Nevertheless, months of diligent parts searching paid off and I got the watch completed this evening. Initial readings on the timegrapher are great, but I'll give it a few more days to run in and will adjust if needed.

View attachment 396086

View attachment 396087

A lot of people say that pocket watches are an easy entry-point for people wanting to start to learn watch repair. I'd argue the opposite. In my experience, nearly every pocket watch I've done has been quite the challenge. The parts may be bigger, but man these things have issues! Give me a wristwatch to fix over a pocket watch any day.

Beautiful! You do quality work.
 

BobbyV

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Around 25-30 years ago my mother bought my stepfather an Elgin pocket watch. She didn't know much about watches at the time (she still doesn't), but she bought a VERY nice old Elgin. It is a Railroad Grade, Elgin - B.W. Raymond caliber 478 from 1925 (I originally thought it was from 1928, but further research confirmed it was 1925).

They didn't know that I like to work on watches until recently. It just never came up. When I showed them a couple of videos, my mother made her way back to their bedroom and brought out a gorgeous old pocket watch. She told me the story about how she gave it to Bob (my step father) many years ago. At some point this thing defiantly took a hard fall, or banged up hard against a door jam. This thing came to a quick and abrupt stop at some point, causing all kinds of damage. I could tell right away that the balance staff was broken, but there was lots more to come once I finally got it taken apart.

To make a long story short, this thing had SEVERAL broken jewel settings, a broken pallet fork, broken balance staff, broken seconds hand, bent 4th wheel pivot, missing balance micro-adjust regulator spring, missing case screw, (you get my point). On top of all that, it was in desperate need of a service and new crystal.

I've been scouring for months trying to find parts for this watch that didn't cost an arm and a leg. I finally got the last of the parts in over the weekend. I had planned on putting this watch rebuild on YouTube, and even went so far as to make a short video showing the balance staff replacement, which I posted on the Patreon page. Tonight I sat down to clean and put this watch back together. I ended up deciding not to film this thing for YouTube, but instead used this opportunity to play around with my lighting and camera setup. I haven't been pleased with how dark my videos look when I have my hands over the watch screwing something in. I changed up the angle of some of the lighting, and also changed a few camera settings. I'm going to use this footage as a test to see how the new setup works. If it is terrible I can always go back to the way I had it before.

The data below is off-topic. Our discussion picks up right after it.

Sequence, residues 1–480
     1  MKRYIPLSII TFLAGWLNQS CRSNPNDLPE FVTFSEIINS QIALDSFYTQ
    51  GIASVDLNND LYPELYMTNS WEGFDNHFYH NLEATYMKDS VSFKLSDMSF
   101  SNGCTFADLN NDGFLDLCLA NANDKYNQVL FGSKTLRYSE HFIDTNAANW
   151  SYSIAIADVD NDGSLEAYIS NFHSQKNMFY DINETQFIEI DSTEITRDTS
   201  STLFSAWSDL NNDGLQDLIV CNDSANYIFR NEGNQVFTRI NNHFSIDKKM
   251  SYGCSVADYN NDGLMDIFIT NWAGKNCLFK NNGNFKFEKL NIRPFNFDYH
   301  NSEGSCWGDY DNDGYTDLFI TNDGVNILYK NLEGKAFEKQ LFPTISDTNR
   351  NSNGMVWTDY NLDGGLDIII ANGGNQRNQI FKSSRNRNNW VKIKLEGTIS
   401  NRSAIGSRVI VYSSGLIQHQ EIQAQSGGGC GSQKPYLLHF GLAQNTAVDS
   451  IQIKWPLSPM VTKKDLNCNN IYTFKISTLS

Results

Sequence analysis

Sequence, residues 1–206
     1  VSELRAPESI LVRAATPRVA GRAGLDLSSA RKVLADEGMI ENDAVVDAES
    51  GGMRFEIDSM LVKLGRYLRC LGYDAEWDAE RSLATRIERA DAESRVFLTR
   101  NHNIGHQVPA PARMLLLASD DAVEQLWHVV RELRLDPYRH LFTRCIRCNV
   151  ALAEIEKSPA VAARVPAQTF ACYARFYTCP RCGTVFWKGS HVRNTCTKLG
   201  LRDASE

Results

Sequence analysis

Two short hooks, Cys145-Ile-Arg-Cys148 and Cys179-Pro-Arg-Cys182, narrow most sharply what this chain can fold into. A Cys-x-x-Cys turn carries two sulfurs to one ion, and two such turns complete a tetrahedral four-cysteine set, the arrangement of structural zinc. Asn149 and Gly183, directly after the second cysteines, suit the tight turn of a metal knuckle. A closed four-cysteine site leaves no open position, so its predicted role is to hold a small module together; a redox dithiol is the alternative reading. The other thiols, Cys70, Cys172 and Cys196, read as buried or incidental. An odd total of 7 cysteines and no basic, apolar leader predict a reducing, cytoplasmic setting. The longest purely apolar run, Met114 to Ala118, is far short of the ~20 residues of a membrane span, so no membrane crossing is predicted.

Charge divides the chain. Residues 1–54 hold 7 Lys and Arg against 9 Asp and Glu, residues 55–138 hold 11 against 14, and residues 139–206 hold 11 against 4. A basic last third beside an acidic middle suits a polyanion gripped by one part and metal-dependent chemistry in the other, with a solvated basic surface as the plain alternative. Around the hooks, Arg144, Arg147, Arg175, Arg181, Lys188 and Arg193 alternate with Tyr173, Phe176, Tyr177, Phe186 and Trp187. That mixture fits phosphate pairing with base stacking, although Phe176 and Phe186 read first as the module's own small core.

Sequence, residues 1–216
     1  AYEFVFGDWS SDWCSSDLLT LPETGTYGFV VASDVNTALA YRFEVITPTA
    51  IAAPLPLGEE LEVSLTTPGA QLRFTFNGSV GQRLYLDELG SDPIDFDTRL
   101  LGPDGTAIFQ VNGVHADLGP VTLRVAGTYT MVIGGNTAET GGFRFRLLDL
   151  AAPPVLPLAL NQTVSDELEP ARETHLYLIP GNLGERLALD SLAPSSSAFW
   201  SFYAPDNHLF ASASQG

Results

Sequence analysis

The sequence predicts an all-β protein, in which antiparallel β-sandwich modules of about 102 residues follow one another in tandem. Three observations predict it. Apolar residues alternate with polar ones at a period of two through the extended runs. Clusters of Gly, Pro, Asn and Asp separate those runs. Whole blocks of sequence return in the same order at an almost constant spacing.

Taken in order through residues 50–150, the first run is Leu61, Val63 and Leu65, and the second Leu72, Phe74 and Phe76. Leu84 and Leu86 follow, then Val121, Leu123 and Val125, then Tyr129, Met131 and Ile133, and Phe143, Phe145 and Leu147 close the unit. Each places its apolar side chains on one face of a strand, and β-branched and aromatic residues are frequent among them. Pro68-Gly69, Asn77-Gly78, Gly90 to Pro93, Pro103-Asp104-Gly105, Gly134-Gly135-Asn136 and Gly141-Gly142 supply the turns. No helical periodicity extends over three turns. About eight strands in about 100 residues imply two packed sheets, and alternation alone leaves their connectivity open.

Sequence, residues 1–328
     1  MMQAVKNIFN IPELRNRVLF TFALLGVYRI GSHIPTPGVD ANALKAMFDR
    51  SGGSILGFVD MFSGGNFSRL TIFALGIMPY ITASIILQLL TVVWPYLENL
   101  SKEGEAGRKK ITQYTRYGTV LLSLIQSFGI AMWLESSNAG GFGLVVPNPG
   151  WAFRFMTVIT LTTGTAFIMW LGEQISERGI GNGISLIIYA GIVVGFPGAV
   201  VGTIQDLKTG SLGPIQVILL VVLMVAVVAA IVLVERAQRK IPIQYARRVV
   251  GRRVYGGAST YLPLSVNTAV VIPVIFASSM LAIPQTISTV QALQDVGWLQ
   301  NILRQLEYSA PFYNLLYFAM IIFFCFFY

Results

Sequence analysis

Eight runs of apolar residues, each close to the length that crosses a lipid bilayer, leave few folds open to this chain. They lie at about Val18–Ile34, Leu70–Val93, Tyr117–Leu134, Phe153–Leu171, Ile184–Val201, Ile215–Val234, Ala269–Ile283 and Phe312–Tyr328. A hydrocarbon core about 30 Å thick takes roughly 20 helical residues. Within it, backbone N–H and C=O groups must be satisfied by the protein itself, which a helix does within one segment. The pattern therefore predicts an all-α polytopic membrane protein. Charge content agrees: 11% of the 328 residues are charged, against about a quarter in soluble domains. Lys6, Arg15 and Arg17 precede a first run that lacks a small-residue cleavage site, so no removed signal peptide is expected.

Nevertheless, months of diligent parts searching paid off and I got the watch completed this evening. Initial readings on the timegrapher are great, but I'll give it a few more days to run in and will adjust if needed.

View attachment 396086

View attachment 396087

A lot of people say that pocket watches are an easy entry-point for people wanting to start to learn watch repair. I'd argue the opposite. In my experience, nearly every pocket watch I've done has been quite the challenge. The parts may be bigger, but man these things have issues! Give me a wristwatch to fix over a pocket watch any day.

Dang. Very nice.
 

Paul Box

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I haven't done any work on something that small although here are a couple of pics of a 1936 # 7 Seth Thomas clock I've worked on several times.
Counter weight is 75 lbs and if you look real close I adjust the swing with a quarter, nickel, and two pennies.
The nickel comes off in the summer to slow the swing due to the heating of the brass eccentric.
The rewind motor is a GE original that still rewinds this thing every two hours.
 

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thor447

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I haven't done any work on something that small although here are a couple of pics of a 1936 # 7 Seth Thomas clock I've worked on several times.
Counter weight is 75 lbs and if you look real close I adjust the swing with a quarter, nickel, and two pennies.
The nickel comes off in the summer to slow the swing due to the heating of the brass eccentric.
The rewind motor is a GE original that still rewinds this thing every two hours.
That's incredible. Same concept in watch regarding the swinging of the balance. Back in the late 30's and early 40's, they came out with a 'temperature compensated' balance wheel, that was made up with brass outer rim and a steel inner rim to try and compensate for shrinking & expansion due to temperature changes.
 

Cold Smoke

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Interesting. After seeing yours I went and dug mine out. It needs a new crystal, but according to the serial number it’s a 1918 model. This latest info kind of illuminates the temperature and position detail. You can tell by the screw slots it probably needs a little attention.